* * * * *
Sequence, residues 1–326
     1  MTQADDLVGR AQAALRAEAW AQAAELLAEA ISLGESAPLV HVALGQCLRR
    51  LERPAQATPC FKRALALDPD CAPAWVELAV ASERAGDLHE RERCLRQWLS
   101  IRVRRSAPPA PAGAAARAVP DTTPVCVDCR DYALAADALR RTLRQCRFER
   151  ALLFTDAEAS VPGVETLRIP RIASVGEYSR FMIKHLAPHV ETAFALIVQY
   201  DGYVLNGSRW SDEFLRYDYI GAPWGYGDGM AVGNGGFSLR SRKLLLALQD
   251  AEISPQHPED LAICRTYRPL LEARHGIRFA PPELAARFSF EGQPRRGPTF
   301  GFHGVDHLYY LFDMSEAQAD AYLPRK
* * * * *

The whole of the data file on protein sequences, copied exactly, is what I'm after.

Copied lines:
Sequence, residues 1–326
     1  MTQADDLVGR AQAALRAEAW AQAAELLAEA ISLGESAPLV HVALGQCLRR
    51  LERPAQATPC FKRALALDPD CAPAWVELAV ASERAGDLHE RERCLRQWLS
   101  IRVRRSAPPA PAGAAARAVP DTTPVCVDCR DYALAADALR RTLRQCRFER
   151  ALLFTDAEAS VPGVETLRIP RIASVGEYSR FMIKHLAPHV ETAFALIVQY
   201  DGYVLNGSRW SDEFLRYDYI GAPWGYGDGM AVGNGGFSLR SRKLLLALQD
   251  AEISPQHPED LAICRTYRPL LEARHGIRFA PPELAARFSF EGQPRRGPTF
   301  GFHGVDHLYY LFDMSEAQAD AYLPRK